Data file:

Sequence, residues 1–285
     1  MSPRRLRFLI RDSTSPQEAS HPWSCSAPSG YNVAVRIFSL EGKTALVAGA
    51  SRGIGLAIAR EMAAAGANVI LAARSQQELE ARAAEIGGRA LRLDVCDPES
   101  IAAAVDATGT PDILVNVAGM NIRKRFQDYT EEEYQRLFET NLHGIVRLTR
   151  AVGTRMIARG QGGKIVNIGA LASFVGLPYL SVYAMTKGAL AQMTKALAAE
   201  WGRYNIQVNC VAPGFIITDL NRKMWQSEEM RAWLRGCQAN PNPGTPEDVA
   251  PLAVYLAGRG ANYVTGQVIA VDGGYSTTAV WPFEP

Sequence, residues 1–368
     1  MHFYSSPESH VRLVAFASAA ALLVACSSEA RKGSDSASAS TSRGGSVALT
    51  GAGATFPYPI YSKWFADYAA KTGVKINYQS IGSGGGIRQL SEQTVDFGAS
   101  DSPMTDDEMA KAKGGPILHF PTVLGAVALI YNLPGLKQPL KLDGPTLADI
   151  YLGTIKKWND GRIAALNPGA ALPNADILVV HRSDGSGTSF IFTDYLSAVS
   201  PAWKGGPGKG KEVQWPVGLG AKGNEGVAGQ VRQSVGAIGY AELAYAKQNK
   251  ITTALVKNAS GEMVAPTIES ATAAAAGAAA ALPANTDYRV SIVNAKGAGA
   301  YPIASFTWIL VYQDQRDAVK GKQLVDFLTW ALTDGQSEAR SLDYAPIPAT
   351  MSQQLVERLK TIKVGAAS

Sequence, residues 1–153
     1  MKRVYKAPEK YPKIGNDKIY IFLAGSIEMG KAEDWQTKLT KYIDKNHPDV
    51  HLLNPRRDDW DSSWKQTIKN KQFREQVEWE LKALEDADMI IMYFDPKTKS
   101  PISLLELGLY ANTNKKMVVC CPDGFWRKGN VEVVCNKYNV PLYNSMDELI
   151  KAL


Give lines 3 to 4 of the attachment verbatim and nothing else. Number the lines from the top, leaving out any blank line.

    51  SRGIGLAIAR EMAAAGANVI LAARSQQELE ARAAEIGGRA LRLDVCDPES
   101  IAAAVDATGT PDILVNVAGM NIRKRFQDYT EEEYQRLFET NLHGIVRLTR